Daniel Fisher News

Rhode Island sues over climate change, using similar claims the state Supreme Court has already rejected

By Daniel Fisher | Jul 3, 2018

R.I. AG Peter Kilmartin better hope Rhode Island courts import California’s concept of public nuisance law, since the last time a Rhode Island AG tried this tactic, over lead paint, the state Supreme Court rejected the claim entirely.

Court unseals scathing report accusing Labaton of misconduct in State Street case

By Daniel Fisher | Jul 2, 2018

A federal judge unsealed a lengthy report accusing Labaton Sucharow and a Massachusetts law firm of deliberately misleading the court about how it distributed the fees in a $300 million settlement with State Street Bank and Trust Co., including $4.1 million paid to a Houston lawyer who did no work on the case.

Insurers to feel brunt of New Jersey asbestos ruling, while Delaware hits employers on same day

By Daniel Fisher | Jun 28, 2018

A decision by the New Jersey Supreme Court forces Honeywell’s insurers to pay for thousands of asbestos claims even though the company, through its Bendix unit, continued to make asbestos-containing brake products for more than a decade after it could no longer obtain insurance coverage for such products.

Motley Rice hit with RICO lawsuit by jailed ex-billionaire it accused of funding terrorism

By Daniel Fisher | Jun 26, 2018

Six days after the FBI arrested billionaire Raj Rajaratnam on insider-trading charges in October 2009, lawyers at Motley Rice hit him with their own charge: Financing terror.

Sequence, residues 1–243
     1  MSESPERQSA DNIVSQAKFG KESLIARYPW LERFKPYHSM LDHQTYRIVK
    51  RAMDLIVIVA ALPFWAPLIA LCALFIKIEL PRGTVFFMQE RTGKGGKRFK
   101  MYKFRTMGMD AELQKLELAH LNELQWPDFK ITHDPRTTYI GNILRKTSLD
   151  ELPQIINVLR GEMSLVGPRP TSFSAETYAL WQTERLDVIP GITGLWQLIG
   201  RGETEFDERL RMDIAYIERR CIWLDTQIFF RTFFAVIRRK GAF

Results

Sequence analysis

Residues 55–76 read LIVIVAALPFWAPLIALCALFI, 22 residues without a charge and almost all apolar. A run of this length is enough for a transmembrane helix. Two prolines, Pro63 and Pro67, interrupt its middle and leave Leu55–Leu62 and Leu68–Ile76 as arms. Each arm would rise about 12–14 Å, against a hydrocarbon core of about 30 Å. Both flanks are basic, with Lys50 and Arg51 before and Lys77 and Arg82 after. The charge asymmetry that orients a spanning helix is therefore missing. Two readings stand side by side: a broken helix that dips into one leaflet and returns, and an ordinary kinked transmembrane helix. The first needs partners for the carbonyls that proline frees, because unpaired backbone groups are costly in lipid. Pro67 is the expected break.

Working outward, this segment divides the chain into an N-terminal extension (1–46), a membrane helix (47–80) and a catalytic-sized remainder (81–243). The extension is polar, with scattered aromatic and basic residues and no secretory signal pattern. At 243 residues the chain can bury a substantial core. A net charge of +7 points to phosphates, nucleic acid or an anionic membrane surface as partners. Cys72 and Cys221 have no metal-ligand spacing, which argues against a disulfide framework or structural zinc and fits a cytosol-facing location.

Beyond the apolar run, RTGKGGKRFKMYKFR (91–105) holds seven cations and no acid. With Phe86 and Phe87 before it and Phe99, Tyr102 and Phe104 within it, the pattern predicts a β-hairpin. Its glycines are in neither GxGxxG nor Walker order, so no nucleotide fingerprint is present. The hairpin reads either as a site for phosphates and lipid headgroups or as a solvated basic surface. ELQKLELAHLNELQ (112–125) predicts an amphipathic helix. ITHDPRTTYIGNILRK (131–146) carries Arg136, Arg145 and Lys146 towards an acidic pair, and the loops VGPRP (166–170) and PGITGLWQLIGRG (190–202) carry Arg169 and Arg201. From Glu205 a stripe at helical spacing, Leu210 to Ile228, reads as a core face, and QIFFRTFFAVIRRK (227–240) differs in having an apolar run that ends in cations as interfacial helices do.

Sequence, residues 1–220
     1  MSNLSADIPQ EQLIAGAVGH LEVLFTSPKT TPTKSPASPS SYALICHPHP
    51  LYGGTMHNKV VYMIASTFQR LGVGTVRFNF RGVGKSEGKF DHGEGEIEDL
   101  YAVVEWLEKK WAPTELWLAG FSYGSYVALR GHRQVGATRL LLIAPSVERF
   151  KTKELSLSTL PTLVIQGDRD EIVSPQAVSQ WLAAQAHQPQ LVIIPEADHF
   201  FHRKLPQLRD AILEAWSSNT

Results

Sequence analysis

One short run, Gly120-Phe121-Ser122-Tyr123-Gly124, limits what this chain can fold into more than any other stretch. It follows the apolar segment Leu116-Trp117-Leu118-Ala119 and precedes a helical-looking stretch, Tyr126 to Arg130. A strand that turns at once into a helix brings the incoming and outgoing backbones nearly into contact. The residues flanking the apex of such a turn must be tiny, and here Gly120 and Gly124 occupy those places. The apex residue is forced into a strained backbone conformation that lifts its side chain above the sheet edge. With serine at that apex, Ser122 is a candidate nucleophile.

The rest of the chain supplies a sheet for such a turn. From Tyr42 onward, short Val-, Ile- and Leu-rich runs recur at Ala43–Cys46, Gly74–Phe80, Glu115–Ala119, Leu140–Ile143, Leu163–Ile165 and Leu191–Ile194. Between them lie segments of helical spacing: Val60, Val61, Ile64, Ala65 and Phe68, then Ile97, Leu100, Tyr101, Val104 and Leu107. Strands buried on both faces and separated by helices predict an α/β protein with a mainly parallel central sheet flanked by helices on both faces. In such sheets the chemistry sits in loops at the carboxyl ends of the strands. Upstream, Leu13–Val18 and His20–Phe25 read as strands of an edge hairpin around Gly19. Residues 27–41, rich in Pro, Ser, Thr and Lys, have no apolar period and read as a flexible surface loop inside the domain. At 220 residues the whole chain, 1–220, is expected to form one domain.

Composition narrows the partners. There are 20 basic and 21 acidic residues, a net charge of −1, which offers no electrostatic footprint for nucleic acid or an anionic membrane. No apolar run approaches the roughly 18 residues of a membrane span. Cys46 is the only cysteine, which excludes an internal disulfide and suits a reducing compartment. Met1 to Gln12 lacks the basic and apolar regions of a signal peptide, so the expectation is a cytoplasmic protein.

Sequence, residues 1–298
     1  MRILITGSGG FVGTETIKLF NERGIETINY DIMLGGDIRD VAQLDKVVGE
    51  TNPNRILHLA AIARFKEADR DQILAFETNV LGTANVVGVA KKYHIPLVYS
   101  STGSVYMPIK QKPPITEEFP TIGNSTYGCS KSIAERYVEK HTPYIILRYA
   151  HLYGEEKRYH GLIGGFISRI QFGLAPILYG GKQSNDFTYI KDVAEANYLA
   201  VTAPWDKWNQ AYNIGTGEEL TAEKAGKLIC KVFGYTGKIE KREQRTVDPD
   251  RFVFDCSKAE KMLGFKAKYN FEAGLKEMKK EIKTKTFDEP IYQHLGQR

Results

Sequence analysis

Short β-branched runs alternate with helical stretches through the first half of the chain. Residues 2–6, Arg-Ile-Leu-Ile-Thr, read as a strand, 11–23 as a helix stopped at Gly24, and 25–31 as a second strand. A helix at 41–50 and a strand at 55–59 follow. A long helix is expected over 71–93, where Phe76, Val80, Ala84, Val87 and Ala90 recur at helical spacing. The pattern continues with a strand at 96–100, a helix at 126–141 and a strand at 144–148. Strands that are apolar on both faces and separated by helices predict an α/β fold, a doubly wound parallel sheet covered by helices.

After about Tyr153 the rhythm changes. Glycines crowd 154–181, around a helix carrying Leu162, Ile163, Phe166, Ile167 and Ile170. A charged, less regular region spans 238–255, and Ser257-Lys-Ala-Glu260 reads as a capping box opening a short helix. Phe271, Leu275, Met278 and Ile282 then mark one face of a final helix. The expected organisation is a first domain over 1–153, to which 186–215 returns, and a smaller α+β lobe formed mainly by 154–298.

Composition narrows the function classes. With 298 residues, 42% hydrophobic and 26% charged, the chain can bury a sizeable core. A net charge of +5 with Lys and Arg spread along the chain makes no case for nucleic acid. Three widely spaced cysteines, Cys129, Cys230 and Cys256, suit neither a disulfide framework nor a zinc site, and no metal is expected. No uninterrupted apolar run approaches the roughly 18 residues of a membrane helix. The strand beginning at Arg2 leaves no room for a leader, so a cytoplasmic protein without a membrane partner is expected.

Labaton escalates spat with judge in State Street case, demands ex parte communications

By Daniel Fisher | Jun 25, 2018

Labaton Sucharow, having failed to get a federal judge to recuse himself, asked him to turn over records of any out-of-court communications with the special master probing allegations that Labaton overcharged its clients and improperly shared part of its $75 million fee.

'They're always wrong': NYC's hired guns cite overturned case as authority for climate change lawsuit

By Daniel Fisher | Jun 19, 2018

It was a surprising opening move, to say the least. Arguing for the City of New York in its climate lawsuit against five major oil companies, attorney Michael Pawa cited AEP v. Connecticut, a 2009 decision by the U.S. Court of Appeals for the Second Circuit, as “persuasive authority” in his clients’ favor.

NYC's climate change lawsuit faces scrutiny from judge during dismissal arguments

By Daniel Fisher | Jun 14, 2018

A clearly skeptical federal judge questioned the basic premise behind New York City’s lawsuit against five of the world’s biggest oil companies over climate change on Wednesday

Art imitates life: 'Billions' describes six-figure, part-time jobs on asbestos trusts